Bonfires of St. John
We shall not go back in time to the cult of fire and its further Christianisation under John the Baptist. We shall remain in closer times where the summer solstice was celebrated around purifying fires by the Spanish peoples, especially those of the Mediterranean coast.
The fire rituals in Alicante have endured throughout times. It was an agricultural festivity in which peasants celebrated both the longest day of the year with their recollection of harvests, and also the shortest night to eliminate their misfortunes. This custom was later introduced in the city of Alicante, as Alicante and its vegetable gardens were but one thing. Thus the first primitive bonfires are recorded in the year 1822 in which the mayor’s edict ordered “Bonfires not to be lit in the streets, nor rockets or fireworks be lit either under a fine of 20 to 200 reales. “
Bonfires were prohibited year after year by the authorities, but the people continued lighting them following tradition. In 1881, due to a Town Hall’s lapse, the ban of not lighting bonfires was not published, so it can be read in one of the diaries that “Just after the beginning of St. John’s local open-air dance, the peaceful locals started bonfires and fireworks in a great number.” Taking advantage of the absence of the prohibition, neighbours grouped in the streets creating the “festes de carrer” (or street celebrations) with popular games, music of “dulzaina y tabalet” (traditional wind instrument and drums), and even most important, with the creation of the current “ninots”, grotesque figures which represented some famous person whom the neighbourhood criticised.
The city district bonfires continued for real in our streets despite the constant prohibitions, and they must have been outrageous as these were recorded by the notorious families of the city, like this one of Mr. Pobil’s addressed to the mayor by which he claimed “I beg you to take appropriate measures so that the scandalous actions of former years in the evenings of St. John and St. Peter will not be repeated because they create a bad image of the culture of this population.”
But it was not until 1928 when such a persecuted tradition was definitely established. An association called Alicante Attraction was created dedicated to promote the tourism of the city, which at the time preferred the Cantabric beaches best. And here does the figure of Mr. José María Pí appear, who just after explaining the origin of the Valencian Fallas wrote this: “The Bonfires of Alicante have been well-known for their tradition since immemorial times. We, Alicantinians, should give them the same importance as the Valencian Fallas have ever been given.” This idea of attracting tourism, as it had been done in Valencia, was accepted by the governing class, so Alicante Attraction was authorised to organise “the first Bonfires of St. John”, the first ones to be allowed by the Town Hall.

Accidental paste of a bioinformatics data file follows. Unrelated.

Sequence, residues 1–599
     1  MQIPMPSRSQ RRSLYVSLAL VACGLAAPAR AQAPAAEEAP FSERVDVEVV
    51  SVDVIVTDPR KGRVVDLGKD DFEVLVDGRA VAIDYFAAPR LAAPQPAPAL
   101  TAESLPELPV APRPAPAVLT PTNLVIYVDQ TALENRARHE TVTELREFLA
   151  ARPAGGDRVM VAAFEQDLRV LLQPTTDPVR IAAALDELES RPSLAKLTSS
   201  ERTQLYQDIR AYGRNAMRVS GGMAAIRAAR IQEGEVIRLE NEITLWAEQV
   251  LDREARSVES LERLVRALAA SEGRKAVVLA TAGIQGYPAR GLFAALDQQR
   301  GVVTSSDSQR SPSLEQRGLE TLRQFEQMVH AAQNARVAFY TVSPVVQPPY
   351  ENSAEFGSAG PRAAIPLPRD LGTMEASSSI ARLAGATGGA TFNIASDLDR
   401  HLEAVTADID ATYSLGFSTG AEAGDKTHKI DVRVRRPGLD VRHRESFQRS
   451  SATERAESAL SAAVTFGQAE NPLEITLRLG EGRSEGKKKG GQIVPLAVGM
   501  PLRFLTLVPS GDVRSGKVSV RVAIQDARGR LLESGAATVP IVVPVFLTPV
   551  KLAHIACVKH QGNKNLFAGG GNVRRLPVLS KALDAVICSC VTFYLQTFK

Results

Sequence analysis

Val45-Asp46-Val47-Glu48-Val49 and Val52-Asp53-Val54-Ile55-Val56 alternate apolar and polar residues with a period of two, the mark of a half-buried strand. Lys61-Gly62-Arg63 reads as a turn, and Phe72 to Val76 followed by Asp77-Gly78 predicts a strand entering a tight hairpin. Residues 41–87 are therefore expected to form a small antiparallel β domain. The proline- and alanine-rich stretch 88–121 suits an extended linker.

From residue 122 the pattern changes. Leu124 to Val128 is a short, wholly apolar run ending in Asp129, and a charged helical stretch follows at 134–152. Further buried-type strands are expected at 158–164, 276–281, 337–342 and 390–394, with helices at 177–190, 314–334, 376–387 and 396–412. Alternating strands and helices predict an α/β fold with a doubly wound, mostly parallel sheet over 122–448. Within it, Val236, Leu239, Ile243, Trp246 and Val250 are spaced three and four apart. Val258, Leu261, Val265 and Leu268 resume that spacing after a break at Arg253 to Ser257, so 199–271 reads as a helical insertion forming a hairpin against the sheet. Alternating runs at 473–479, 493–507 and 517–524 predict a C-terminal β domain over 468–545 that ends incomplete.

Later on it was known that Mr. José María Pí played his cards very well before the authorities to attract tourism by making the festivity official, although he had always devised the Bonfires for the people of Alicante’s enjoyment.
The success of the first year was complete, and according to the El Día (1928) newspaper, “The Bonfires have been an remarkable event in the history of Alicante. More than 100,000 people watched the cremá.” (the burning of the bonfires)
Thus, both things had been accomplished at the same time: the formalising of the festivity and the tourists’ attraction, as this latter one was so massive that the same Mr. Manuel Arqués Such declared on the press that “The people, these good people, were frightened of what they had done.
The had the childish feeling of having committed a sin.” Logically, the criticisms from Valencia soon emerged and in 1929 one Falla referred to the Bonfires with the motto “monkeys of repetition.” But that fact, rather than intimidating the people from Alicante, it stimulated them even more, and after a few years’ time thirty bonfires had already been created.
The concept of Barraca (similar to a club, with members) had also originated-a fenced place erected in the middle of the street with an allegoric entrance, in which in the popular evening dances take place and where the Alicantinian gastronomy can be enjoyed.
Likewise, from 1932 onwards the Bonfires created the highest representation of the feast, the Bellesa del Foc (Queen of Fire) a young woman who is elected annually from all the representatives of each Comisión de Foguera (district Bonfire committee).
Within years, the number of Comisiones has increased up to ninety, all distributed throughout the city increasing their Barracas as well as, being over 100,000 the current participants in our festivity.
Having been declared firstly festivities of national tourist interest, and later of international one, the Bonfires of St. John are nowadays the official festivities of the city. In 2014 The Generalitat Valenciana declared the Bonfires of St. John as a Welfare of Immaterial Cultural Interest (BIC), which conveys a protection to the bonfire monument s and to all the elements included in the festa (festivity)